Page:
BWW Preview: ELIZABETH CREE is a Tale from a New York Crypt Headed for Philadelphia Opera Festival
Fifteen compelling minutes of a new work doesn't always turn into an opera for all seasons, but a first-look at ELIZABETH CREE--Kevin Puts' and Mark Campbell's latest collaboration--came across with startling originality. (Puts said that grisly murder was "fun to set to music.") Based on Peter Ackrolyd's Victorian-era tale of murder, mayhem and music hall in London's dangerous Limehouse district, the handful of arias were presented at the Crypt Sessions concert series in northern Manhattan's Church of the Intercession,.
Introduced by Puts and Campbell--who seem ready to go into vaudeville themselves, from their lively patter--the 90-minute chamber opera, premiering at Opera Philadelphia's new O17 festival on September 14, works its way backward in Campbell's tasty libretto, mixing humor and gore with his usual aplomb. (Opera Philadelphia commissioned the piece.)
It starts with a descending fourth (her motif) as Cree is sentenced for the murder of her husband--did she or didn't she? The fascinating excerpts of Puts' score (Pulitzer winner with Campbell for SILENT NIGHT in 2012), with its chromatic weaving, found a perfect conduit in the velvet authority of flexible mezzo Daniela Mack. She was seconded by tenor Joseph Gaines who skillfully drew her music hall partner Dan Leno. (Among the opera's other characters not heard on this occasion are--shades of Tom Stoppard--Victorian novelist George Gissing and Karl Marx.)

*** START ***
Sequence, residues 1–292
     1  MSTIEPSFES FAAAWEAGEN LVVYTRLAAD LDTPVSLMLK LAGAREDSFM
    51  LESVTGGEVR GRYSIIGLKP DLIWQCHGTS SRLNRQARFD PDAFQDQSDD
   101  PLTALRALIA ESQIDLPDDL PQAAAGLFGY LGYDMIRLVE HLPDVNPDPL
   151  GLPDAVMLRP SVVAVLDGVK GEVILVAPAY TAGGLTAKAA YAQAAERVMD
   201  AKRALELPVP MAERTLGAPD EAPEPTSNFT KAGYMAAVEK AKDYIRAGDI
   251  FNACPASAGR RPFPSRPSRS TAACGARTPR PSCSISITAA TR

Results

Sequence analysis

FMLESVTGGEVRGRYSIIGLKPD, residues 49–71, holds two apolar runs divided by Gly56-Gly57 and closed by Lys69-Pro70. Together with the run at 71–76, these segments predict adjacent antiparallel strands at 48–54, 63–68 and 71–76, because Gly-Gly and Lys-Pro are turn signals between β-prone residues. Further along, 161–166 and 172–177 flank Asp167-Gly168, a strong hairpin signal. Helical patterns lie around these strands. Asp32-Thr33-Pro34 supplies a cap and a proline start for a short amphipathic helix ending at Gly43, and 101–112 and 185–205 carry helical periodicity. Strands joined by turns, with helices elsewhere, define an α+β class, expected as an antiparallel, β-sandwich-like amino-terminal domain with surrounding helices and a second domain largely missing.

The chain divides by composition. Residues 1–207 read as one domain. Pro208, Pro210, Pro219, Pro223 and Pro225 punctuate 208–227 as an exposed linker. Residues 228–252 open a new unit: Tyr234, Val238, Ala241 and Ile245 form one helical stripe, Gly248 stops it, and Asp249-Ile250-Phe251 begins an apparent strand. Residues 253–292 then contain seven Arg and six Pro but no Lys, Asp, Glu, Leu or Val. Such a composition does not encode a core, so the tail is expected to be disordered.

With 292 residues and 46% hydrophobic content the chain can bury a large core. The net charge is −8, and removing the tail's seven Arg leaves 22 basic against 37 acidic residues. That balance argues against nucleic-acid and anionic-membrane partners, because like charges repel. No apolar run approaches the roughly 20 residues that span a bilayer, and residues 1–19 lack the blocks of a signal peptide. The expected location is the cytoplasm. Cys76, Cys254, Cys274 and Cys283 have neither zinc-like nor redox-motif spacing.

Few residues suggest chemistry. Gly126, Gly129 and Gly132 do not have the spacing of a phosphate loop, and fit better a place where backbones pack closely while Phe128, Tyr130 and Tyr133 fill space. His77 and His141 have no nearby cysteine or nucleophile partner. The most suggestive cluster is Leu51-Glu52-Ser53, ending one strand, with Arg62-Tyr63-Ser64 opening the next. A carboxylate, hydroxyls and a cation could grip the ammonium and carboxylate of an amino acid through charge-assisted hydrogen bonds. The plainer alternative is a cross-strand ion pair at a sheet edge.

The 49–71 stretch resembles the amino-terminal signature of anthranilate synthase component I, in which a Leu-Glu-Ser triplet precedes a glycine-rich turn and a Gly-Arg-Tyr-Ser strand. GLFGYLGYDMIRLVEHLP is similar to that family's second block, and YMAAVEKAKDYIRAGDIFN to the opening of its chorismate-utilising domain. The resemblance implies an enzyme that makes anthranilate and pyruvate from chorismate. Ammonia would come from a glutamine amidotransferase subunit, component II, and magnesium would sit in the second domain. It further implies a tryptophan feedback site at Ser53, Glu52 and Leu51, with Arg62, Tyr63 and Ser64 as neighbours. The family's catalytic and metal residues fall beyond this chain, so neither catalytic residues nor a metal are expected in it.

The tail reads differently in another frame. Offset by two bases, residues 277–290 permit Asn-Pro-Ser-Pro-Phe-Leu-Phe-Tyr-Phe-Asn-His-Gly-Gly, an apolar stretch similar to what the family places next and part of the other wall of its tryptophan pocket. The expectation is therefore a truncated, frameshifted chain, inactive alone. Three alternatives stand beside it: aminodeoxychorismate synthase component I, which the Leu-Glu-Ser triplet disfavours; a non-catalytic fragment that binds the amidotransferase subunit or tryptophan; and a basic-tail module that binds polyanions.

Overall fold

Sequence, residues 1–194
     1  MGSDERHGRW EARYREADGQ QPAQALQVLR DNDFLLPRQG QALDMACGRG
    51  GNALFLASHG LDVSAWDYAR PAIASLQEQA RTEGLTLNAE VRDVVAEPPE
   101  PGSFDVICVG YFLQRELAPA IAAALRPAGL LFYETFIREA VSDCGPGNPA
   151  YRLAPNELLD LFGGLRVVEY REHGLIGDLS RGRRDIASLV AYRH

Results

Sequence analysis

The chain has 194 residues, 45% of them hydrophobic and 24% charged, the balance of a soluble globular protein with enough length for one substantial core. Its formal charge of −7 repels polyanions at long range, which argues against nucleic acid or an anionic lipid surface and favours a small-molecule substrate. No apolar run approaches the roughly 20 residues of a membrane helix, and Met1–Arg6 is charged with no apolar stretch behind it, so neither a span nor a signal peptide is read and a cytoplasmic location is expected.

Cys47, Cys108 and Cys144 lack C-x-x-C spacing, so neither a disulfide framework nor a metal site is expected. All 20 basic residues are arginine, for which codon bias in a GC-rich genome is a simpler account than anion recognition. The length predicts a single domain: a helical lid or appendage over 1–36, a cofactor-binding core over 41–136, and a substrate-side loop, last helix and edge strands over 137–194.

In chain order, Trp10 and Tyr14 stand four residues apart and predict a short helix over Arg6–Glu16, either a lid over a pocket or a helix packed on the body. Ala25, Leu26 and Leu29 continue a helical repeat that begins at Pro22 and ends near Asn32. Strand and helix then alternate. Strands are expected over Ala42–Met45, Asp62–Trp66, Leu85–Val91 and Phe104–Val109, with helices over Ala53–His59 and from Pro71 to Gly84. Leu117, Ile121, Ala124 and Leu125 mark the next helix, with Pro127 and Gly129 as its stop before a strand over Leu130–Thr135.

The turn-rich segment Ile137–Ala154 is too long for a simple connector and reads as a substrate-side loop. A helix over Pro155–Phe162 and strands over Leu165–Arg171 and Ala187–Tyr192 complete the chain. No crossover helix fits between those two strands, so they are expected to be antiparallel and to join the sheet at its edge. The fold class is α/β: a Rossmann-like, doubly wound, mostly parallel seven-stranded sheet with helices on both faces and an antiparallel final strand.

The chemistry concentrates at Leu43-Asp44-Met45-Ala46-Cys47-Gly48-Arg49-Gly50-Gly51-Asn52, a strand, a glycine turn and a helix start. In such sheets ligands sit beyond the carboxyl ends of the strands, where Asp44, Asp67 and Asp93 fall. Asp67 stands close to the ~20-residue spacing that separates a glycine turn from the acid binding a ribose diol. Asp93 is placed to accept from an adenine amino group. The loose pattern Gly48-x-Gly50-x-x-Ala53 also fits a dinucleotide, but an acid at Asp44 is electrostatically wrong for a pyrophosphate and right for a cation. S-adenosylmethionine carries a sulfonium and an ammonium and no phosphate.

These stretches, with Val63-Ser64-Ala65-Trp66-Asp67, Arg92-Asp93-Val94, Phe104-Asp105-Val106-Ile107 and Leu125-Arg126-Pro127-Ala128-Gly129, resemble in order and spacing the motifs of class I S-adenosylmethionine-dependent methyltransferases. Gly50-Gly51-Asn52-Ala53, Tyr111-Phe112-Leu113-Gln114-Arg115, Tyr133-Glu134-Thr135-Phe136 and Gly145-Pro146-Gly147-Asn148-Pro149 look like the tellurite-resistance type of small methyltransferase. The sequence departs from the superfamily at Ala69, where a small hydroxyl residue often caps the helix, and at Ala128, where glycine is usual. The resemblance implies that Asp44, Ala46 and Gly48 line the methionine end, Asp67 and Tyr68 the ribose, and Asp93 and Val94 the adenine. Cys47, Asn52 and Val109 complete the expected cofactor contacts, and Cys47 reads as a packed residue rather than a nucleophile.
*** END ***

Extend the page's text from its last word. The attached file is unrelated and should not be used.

Before delving into the new score, the concert began with some songs from the two singers that seemed right at home in the crypt, with the "luxury casting" of composer Puts on piano. Particularly fascinating was Mack's take on Britten's haunting "A Charm of Lullabies" (Gaines did the composer's "Death Be Not Proud," to John Donne's famous poem, along with Poulenc's "Tel jour telle nuit").
The concert marked the end of the second season of the ingenious concert series, The Crypt Sessions, the brainchild of Unison Media's Andrew Ousley, with proceeds going to the church. The crypt was the perfect setting for the music and the series will hopefully be back for another round in the fall. It's located on the northern edge of a neighborhood called Hamilton Heights--named for the suddenly "hot" Alexander Hamilton, who's buried in the church.
The Philadelphia Opera's world premiere of ELIZABETH CREE takes place on September 14 at the Perelman Theater in the Kimmel Center for the Performing Arts, 300 S. Broad Street, Philadelphia, with further performances on September 16m, 19, 21 and 23m.
ELIZABETH CREE is also scheduled to be heard at Chicago Opera Theatre, February 10, 16 and 18m, 2018.